The Sidewalk Law
Q: In the City, I was walking on the sidewalk when I tripped over a raised sidewalk flag and fell.
A: Section 7-210 of the Administrative Code of the City of New York imposes tort liability upon certain owners of real property for injuries proximately caused by the failure of such owners to maintain the sidewalks abutting their property in a reasonably safe condition.
However, section 7-210 does not impose ‘strict’ liability. Rather, you need to prove the elements of negligence in order to demonstrate that the landowner is liable under section 7-210.
That is, you need to prove that the landowner either created the hazardous condition or had actual or constructive notice of its existence for a sufficient length of time to discover and remedy the condition. If the landowner was aware of the defective condition in the sidewalk for four years, then you appear to have an excellent case of constructive notice. If this awareness existed for only four seconds, then you do not. There is no ‘bright line’ cut-off point, somewhere in between.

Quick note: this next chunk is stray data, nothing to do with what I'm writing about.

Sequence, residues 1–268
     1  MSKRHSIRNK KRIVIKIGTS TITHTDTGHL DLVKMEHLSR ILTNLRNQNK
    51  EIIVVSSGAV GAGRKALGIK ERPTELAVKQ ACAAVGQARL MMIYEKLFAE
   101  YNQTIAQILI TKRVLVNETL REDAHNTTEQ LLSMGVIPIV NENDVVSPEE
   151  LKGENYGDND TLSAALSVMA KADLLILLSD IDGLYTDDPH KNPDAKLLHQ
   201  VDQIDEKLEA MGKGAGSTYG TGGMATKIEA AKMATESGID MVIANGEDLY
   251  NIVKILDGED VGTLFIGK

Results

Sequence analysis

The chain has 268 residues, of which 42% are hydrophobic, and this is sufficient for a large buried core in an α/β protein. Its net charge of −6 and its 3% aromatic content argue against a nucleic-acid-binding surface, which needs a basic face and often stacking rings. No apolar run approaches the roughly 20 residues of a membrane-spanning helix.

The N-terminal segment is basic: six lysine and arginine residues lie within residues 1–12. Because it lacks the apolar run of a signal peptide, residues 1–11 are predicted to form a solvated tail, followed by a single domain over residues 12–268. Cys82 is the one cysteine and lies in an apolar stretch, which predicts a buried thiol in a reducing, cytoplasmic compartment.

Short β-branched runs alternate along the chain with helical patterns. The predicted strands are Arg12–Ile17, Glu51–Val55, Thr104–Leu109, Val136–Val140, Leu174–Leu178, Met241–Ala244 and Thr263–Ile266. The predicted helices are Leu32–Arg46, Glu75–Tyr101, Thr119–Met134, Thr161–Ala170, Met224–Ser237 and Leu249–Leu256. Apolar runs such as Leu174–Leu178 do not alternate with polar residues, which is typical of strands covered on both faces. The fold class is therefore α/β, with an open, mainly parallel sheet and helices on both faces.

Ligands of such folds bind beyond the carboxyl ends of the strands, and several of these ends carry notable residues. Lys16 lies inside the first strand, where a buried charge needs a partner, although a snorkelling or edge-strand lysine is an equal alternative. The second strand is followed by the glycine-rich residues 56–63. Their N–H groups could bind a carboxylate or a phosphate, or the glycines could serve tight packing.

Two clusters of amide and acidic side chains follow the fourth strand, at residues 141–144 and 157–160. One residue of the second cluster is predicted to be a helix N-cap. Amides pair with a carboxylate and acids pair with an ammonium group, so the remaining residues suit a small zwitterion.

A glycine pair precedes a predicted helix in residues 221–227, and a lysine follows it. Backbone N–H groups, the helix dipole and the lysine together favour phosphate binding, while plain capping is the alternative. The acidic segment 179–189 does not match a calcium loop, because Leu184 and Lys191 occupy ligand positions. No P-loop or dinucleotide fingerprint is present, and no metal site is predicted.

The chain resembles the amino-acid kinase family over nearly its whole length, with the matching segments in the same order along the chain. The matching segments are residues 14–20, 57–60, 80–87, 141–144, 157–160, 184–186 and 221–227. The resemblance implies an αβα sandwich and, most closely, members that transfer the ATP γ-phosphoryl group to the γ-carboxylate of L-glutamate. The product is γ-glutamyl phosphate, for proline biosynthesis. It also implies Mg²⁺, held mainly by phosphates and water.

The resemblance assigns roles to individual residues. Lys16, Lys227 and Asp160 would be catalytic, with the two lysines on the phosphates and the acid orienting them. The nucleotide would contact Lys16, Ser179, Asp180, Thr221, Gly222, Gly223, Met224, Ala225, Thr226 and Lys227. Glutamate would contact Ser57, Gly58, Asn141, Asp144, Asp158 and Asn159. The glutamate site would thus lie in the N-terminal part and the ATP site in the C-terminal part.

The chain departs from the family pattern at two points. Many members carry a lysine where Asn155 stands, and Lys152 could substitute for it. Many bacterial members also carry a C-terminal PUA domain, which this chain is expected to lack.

It is also entirely possible the City itself created the defective condition through an affirmative act of negligence – for example in the course of installing or replacing the sidewalk. Almost invariably, one sues both the landowner and the City.
By: Scott Baron,
Attorney at Law Advertorial
The law responds to changed conditions; exceptions and variations abound. Here, the information is general; always seek out competent counsel. This article shall not be construed as legal advice.
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